Evaluating
errors determines the impact of sampling errors on your data. The
parameters used to draw the sample and any errors that were found
in the sample, are used to calculate the upper error limit for the
data set. In evaluating sampling errors, *ACL* uses the upper error
limit cumulative factors of the Poisson distribution.

In record sampling, the upper error limit frequency is based on the number of errors, not the monetary value of the errors. The upper error limit is the maximum rate of error that is acceptable in the data set without detection, and is based on the number of errors and the specified confidence level. For example, if the upper error limit is 6.5%, you are 90% confident that the total error rate does not exceed 6.5%.

*ACL* uses the following formula to evaluate record errors:

Upper Error Limit Frequency = Upper Error Limit Cumulative/Sample Size

In monetary unit sampling, the upper error limit is expressed as a monetary amount and provides the “worst case” amount of error, based on the required confidence level.

Note

In monetary unit sampling, you must use the fixed interval or cell sampling method to accurately evaluate errors. You can evaluate errors with any method of record sampling.

For monetary unit samples, the report includes the effects of each error and shows the most likely amount of total error and the upper error limit expressed as a monetary amount. This is the amount you are confident that total errors do not exceed. For example, you can estimate that the most likely errors are 50,000, but you can also be 95% confident that the total errors do not exceed 288,000.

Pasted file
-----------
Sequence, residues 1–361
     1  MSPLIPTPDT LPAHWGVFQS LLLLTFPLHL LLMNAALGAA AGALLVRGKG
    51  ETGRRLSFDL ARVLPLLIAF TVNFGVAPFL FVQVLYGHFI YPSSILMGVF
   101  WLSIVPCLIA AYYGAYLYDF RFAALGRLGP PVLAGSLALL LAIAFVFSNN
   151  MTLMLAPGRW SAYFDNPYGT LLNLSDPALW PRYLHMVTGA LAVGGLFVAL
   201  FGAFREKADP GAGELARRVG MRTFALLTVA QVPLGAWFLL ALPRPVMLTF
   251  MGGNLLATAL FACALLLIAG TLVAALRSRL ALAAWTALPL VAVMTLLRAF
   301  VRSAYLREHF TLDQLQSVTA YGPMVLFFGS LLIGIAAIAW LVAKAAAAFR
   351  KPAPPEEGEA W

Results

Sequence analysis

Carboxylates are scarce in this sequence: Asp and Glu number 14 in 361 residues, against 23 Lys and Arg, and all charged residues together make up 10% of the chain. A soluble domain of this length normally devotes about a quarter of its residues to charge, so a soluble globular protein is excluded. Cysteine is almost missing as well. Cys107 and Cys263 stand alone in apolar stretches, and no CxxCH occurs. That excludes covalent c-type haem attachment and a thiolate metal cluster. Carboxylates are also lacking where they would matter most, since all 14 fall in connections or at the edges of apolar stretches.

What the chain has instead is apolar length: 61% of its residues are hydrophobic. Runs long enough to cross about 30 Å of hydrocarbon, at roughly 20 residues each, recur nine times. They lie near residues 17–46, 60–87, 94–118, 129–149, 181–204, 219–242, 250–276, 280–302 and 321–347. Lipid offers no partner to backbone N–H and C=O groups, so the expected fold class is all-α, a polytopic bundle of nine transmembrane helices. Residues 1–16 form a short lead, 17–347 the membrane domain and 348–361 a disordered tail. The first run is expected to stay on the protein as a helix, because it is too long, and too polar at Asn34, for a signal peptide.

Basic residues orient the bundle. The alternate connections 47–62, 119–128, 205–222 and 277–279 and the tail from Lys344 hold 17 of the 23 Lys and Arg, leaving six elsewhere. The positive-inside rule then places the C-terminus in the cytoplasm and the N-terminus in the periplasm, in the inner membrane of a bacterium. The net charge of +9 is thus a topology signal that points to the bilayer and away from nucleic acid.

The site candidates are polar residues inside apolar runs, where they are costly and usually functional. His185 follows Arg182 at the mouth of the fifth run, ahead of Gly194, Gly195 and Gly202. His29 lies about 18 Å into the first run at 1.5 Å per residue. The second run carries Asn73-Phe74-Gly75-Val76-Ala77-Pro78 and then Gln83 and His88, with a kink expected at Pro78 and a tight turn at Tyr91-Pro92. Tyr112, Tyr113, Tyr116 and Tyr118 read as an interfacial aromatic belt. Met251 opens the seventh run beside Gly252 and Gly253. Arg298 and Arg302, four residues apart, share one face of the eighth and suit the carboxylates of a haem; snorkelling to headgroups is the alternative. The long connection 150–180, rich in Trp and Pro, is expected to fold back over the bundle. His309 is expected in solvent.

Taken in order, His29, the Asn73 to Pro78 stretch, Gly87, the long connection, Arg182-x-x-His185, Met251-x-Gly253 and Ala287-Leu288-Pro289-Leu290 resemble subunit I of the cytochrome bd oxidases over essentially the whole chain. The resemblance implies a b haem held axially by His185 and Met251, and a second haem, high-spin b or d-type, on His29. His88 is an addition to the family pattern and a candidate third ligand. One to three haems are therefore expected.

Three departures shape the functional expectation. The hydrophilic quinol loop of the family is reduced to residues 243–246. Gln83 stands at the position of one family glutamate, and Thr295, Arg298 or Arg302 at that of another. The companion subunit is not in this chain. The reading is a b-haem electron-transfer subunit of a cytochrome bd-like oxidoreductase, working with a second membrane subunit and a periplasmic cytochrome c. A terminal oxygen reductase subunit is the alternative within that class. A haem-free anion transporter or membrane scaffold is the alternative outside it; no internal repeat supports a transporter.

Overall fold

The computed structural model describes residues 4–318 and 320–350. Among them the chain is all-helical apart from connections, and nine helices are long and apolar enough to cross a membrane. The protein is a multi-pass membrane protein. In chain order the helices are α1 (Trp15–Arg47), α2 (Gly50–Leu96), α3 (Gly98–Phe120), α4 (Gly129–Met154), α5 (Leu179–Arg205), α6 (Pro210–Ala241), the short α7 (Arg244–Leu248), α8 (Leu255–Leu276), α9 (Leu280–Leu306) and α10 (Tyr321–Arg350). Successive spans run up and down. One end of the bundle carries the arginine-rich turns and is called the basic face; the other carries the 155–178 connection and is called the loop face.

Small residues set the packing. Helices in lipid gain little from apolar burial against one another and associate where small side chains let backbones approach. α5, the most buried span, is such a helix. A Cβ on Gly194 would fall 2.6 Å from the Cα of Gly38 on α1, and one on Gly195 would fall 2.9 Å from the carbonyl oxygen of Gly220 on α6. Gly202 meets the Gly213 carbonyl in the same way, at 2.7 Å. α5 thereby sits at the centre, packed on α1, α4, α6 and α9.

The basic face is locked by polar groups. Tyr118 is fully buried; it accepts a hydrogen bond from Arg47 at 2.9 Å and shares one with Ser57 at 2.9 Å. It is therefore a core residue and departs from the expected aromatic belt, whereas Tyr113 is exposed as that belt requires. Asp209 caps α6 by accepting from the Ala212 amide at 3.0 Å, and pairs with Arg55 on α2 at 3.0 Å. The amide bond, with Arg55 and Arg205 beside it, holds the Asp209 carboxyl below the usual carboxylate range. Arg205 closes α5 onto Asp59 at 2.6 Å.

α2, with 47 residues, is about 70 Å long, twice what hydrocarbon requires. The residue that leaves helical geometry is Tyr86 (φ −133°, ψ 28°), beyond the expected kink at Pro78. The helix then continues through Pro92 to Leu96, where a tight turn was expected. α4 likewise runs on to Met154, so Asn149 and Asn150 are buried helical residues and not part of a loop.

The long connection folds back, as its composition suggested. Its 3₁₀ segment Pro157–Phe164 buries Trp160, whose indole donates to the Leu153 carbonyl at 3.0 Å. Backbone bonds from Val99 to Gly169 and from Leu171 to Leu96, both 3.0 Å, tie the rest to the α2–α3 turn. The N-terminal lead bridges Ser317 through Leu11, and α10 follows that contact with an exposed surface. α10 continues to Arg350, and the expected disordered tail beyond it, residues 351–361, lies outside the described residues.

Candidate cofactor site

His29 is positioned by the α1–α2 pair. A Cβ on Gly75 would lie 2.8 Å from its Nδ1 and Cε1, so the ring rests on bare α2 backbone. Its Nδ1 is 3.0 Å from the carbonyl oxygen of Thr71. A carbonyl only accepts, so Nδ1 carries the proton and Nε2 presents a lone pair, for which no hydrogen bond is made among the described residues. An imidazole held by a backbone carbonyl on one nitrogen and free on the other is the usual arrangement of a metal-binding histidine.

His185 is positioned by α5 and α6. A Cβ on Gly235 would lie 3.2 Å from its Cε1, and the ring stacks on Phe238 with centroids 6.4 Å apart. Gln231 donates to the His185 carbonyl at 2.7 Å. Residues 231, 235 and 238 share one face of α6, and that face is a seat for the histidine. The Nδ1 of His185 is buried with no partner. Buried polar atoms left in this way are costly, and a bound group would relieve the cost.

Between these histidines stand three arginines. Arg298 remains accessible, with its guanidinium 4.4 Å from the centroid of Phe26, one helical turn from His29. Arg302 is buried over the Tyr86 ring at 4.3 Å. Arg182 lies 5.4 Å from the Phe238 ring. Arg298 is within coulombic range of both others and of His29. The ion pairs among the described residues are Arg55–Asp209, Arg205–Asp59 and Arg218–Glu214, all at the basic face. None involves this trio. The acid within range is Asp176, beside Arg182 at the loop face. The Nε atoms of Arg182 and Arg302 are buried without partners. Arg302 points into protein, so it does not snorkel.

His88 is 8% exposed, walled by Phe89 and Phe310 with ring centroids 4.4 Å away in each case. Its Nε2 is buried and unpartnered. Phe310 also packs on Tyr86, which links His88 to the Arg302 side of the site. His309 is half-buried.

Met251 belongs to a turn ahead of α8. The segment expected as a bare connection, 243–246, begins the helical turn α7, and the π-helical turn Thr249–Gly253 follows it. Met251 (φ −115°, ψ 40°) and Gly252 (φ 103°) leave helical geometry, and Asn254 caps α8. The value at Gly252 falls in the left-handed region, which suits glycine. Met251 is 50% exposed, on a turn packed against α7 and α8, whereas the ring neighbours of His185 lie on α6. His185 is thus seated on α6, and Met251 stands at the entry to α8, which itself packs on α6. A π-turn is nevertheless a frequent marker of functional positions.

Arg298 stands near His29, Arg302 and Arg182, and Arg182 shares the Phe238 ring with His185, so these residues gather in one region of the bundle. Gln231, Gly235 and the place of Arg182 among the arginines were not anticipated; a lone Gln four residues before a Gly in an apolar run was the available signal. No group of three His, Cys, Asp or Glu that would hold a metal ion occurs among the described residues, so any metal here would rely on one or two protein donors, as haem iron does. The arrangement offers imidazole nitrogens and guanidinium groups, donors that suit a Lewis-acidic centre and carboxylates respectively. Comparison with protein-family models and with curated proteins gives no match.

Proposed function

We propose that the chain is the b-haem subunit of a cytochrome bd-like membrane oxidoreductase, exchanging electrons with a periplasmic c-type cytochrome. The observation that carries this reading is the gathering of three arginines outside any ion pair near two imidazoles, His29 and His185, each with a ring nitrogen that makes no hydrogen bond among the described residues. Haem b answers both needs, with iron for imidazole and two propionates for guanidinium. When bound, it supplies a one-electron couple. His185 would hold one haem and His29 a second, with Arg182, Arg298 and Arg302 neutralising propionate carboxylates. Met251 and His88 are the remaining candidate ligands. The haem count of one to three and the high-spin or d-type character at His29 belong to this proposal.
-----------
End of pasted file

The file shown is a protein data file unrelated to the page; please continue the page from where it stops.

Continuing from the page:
The formula that *ACL* uses to evaluate monetary errors
is based on the upper error limit cumulative factors for the Poisson
distribution:

The basic precision is the amount of error you are confident of not exceeding if no errors are reported for the sample. It is determined by multiplying the sampling interval by the Poisson upper error limit factor for the specified confidence (assuming no errors).

For each error entered, the percentage of tainting is determined by dividing the error amount by the recorded item amount.

For each error entered, an estimate of the most likely error in the data set is determined.

For items smaller than the selection interval, the most likely error is the tainting percentage multiplied by the interval used for selection. This calculation is based on the fact that the particular item selected was not certain to be selected, and therefore is representative of other errors in the data set.

For items equal to or greater than the interval, i.e., top stratum items, the most likely error is the amount of the error. The previous formula does not apply because all top stratum items are selected, and therefore the error is not representative of others in the data set.

On completing the error entry, the errors are sorted in decreasing size of most likely error amount, with top stratum and understatement items listed at the end.

A precision adjustment factor is calculated for each error.

For items smaller than the sampling interval, the precision adjustment factor is the most likely error multiplied by the upper error limit cumulative factor for that error number in the Poisson tables. This reordering of the errors matches the largest errors with the largest adjustment factors, ensuring the most conservative, or highest, estimate of the upper error limit.

For top stratum items, the precision adjustment factor is the amount of the error. Because all top stratum items are selected, all items and errors in this data set are detected.

For understatement errors, the precision adjustment factor is zero. This means that the estimate of the upper error limit is not reduced when understatements are detected because

*ACL*does not directly test for this type of error in a monetary sample.NoteVarious sample evaluation methodologies use adjustment values for understatement factors ranging from zero (as in

*ACL*) to the amount of the most likely error. If you prefer to use a different assumption regarding the treatment of understatement errors, you can adjust the detail supplied to reflect your reduction in the upper error limit. This does not affect the estimate of the most likely error, which is the same regardless of your assumptions about understatements.Finally, the most likely errors are added to produce the total most likely errors for the sample errors noted. As well, the basic precision is summed, together with all the precision adjustment factors for the errors noted, to produce the upper error limit for the sample within the required confidence.